By Anna Yang, Assistant Editor
Lunar New Year passed quietly at Payton this year. The Chinese classes decorated a bulletin board, the Cantonese club made tang yuan (sweet rice ball desserts), and the National Chinese Honor Society did a small activity with hong bao (traditional red envelopes). All together, it was easy for the majority of the student body to overlook the holiday entirely, a trend that has become more glaring in past years.
Cultural holidays have always tended to fly under the radar at many American schools, but while other occasions like Black History Month, Hispanic Heritage Month, Hanukkah, and Kwanzaa have gained more recognition at Payton over the years, Lunar New Year remains as unnoticeable as ever. This apparent lack of excitement begs the question: Are Asian American adolescents growing more apathetic and disconnected from their roots and culture?
To answer that, let’s take a closer look at the Payton community’s celebration of Lunar New Year.
Chinese New Year is the more widely known term for Lunar New Year in America, but it is also misleading. Taiwan, China, Vietnam, and South Korea all celebrate Lunar New Year, while Japan does not. As the name suggests, Lunar New Year is based on a lunisolar calendar cycle, as opposed to the Gregorian calendar system, which is a solar calendar. 2023 is the Year of the Rabbit for most celebrating Asian countries excluding Vietnam, where it is the Year of the Cat.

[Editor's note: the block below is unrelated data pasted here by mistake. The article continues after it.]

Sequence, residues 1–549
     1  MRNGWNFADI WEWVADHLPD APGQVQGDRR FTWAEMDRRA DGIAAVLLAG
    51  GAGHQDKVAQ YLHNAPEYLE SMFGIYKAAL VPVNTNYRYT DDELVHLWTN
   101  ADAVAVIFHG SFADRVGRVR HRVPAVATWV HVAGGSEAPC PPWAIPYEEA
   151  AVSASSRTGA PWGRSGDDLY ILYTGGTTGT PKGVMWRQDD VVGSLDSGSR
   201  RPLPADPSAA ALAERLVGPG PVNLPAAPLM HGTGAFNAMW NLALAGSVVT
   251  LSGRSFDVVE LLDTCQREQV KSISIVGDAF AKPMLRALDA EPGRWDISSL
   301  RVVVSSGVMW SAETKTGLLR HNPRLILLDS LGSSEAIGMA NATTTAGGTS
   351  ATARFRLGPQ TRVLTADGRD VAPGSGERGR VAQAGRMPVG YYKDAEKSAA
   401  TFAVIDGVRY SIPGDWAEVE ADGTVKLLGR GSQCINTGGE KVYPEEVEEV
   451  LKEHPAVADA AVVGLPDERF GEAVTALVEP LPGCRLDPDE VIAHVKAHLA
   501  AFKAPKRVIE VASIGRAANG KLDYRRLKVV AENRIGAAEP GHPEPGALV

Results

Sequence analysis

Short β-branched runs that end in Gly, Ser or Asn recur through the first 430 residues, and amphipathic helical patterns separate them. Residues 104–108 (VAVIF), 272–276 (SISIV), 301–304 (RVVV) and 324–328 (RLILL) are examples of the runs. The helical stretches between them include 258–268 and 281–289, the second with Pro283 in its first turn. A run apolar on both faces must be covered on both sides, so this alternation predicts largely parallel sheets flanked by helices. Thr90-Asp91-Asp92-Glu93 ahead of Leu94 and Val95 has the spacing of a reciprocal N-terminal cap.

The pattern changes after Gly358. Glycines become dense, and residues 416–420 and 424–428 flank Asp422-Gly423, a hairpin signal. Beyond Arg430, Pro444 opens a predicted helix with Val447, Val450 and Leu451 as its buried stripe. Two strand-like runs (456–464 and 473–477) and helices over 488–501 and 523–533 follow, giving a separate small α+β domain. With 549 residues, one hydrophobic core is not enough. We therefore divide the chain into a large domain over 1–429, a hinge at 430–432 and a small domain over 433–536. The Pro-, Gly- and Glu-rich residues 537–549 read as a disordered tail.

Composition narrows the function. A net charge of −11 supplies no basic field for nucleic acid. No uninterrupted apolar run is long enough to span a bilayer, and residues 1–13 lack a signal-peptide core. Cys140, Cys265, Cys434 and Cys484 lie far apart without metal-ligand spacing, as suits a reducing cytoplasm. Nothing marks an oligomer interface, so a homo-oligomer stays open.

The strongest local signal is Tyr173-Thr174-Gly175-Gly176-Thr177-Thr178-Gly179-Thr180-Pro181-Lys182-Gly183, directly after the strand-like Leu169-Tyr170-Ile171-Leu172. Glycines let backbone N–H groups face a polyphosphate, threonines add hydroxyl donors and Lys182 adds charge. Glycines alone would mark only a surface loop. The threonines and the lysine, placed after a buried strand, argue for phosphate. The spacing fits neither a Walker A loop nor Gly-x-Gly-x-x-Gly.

The New Year on the lunar calendar starts on January 22 in 2023 and lasts two weeks, ending on February 5th. An apt comparison to how seriously East Asian countries take Lunar New Year is how Americans celebrate Christmas and the Gregorian New Year: decorations everywhere, declarations of national holidays, and an emphasis on food and family. The fourteen-day celebration of Lunar New Year often includes family banquets, parades, lion and dragon dances, and firecracker or fireworks spectacles overseas. All factories and workplaces close and employees go on holiday for at least two weeks, allowing them time to travel back home and celebrate in large family gatherings. Red envelopes are given, sacrifices are offered, couplets are hung, and incense and red lanterns are lit.
At Payton, however, celebrations are much more subdued.
Among a small anonymous sample of East Asian American Payton students, every student stated they celebrated Lunar New Year. Nearly all celebrations featured small gatherings of immediate family and cooking traditional foods such as tang yuan and chun juan. Some students received red envelopes with money from senior family members or friends. One student even took part in a traditional ceremony of bowing to their ancestors, complete with the lighting of incense. All students acknowledged Lunar New Year to some extent, even if it was simply saying a “Happy New Year!” in the hallways.
Compared to celebrations at East Asian schools, mere acknowledgement certainly seems much more apathetic. While Asian countries that celebrate the Lunar New Year give students two weeks off from school, most students at Payton only celebrate the first day, dismissing 13 out of 14 days of the holiday.